"In the year 1808, he had been nearly drowned while swimming at Brighton with Mr. L. Stanhope. His friend, Mr. Hobhouse, and other by-standers, sent in some boatmen with ropes tied round them, who at last succeeded in dragging Lord Byron and Mr. Stanhope from the surf, and thus saved their lives."— Moore.

Lord Byron, on one occasion, swam across the Thames with Mr. H. Drury, after the Montem, to see how many times they could perform the passage backwards and forwards without touching land. In this trial (at night, after supper, when both were heated with drinking), Lord Byron was the conqueror.


(2) "At Orchomenus, where stood the Temple of the Graces, I was tempted to exclaim, Whither have the Graces Bled?' Little did I expect to find them here; yet here comes one of them with golden cups and coffee, and another with a book. The book is a register of names, some of which are far sounded by the voice of fame. Among them is Lord Byron's, connected with some lines which I here send you." H. W. Williams.—E. (5) "I have just escaped from a physician and a fever. The The exceeding pride which Byron took in the classic feat (of English consul forced a physician (Romanelli) upon me. In this swimming across the Hellespont) may be cited among the in-state I made my epitaph-take it." Letter to Mr. Hodgson, stances of that boyishness of character which he carried with Oct. 3, 1810.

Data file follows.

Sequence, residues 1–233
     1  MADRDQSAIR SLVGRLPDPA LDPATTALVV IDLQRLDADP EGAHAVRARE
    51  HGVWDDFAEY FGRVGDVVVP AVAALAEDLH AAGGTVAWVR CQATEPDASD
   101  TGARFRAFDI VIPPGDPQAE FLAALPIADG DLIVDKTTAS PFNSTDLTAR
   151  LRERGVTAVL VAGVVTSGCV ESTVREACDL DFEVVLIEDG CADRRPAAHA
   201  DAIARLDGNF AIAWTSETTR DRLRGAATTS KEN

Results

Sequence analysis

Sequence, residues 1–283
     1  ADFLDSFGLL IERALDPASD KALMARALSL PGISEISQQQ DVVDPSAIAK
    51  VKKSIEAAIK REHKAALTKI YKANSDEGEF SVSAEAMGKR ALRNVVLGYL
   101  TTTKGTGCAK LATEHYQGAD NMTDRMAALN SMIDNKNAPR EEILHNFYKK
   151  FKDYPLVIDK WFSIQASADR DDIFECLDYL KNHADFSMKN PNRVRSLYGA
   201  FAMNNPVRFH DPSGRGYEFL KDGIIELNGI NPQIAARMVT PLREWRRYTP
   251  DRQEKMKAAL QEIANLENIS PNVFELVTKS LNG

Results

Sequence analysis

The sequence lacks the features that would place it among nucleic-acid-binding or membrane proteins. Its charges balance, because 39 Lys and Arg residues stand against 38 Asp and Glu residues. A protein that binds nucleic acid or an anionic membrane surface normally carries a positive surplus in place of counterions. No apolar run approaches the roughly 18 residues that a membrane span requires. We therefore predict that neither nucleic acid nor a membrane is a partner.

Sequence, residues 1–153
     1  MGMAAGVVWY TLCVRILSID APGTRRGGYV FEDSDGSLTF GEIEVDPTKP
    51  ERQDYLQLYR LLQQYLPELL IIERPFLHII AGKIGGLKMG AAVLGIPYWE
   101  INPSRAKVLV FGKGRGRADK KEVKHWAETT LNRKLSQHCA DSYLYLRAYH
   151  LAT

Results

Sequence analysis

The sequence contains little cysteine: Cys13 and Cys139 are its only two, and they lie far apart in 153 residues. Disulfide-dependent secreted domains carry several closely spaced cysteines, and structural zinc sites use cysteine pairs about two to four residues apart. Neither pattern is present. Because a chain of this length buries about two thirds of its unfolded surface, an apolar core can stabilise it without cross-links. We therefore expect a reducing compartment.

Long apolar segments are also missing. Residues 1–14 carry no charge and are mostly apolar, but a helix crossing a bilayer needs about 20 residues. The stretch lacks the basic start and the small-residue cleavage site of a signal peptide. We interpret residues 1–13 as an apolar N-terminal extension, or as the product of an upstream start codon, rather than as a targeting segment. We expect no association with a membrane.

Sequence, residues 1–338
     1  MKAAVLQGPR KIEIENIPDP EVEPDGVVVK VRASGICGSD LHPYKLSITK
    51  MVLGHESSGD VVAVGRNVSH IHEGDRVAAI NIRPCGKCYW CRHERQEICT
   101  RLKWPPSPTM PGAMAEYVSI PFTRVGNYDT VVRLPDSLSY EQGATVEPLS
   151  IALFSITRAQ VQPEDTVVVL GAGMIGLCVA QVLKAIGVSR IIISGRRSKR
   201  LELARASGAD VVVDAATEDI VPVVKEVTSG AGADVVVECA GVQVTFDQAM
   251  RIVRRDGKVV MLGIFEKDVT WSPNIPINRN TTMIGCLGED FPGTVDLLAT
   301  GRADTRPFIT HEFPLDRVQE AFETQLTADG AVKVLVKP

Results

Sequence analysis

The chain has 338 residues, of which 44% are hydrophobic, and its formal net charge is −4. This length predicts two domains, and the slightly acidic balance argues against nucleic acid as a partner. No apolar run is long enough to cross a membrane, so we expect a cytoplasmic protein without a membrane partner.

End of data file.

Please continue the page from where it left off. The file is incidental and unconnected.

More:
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With his three hundred waging
The battle, long he stood,
And, like a lion raging,

Expired in seas of blood.

Sons of Greeks, etc. (3)


Επαινῶ μὲς τὸ μεριβόλι, (4)
ὡραιοτάτη Χαηδή, και το λο

I ENTER thy garden of roses, (5)
Beloved and fair Haidée,
Each morning where flora reposes,
For surely I see her in thee.

Oh, lovely! thus low I implore thee,
Receive this fond truth from my tongue,
Which utters its song to adore thee,

Yet trembles for what it has sung.
As the branch, at the bidding of Nature,
Adds fragrance and fruit to the tree,
Through her eyes, through her every feature,
Shines the soul of the young Haidée.

But the loveliest garden grows hateful

When Love has abandon'd the bowers;
Brink me hemlock-since mine is ungrateful,
That herb is more fragrant than flowers.
The poison, when pour'd from the chalice,
Will deeply embitter the bowl:

But when drunk to escape from thy malice,
The draught shall be sweet to my soul.
Too cruel! in vain I implore thee

My heart from these horrors to save:
Will nought to my bosom restore thee?
Then open the gates of the grave.

As the chief who to combat advances
Secure of his conquest before,
Thus thou, with those eyes for thy lances,
Hast pierced through my heart to its core.
Ah, tell me, my soul! must I perish

By pangs which a smile would dispel?
Would the hope, which thou once bad'st me cherish,
For torture repay me too well?

for a rising, which he and his comrades had for years been endeavouring to accomplish,; but he was given up by the Austrian government to the Turks, who vainly endeavoured by torture to force from him the names of the other conspirators.-E.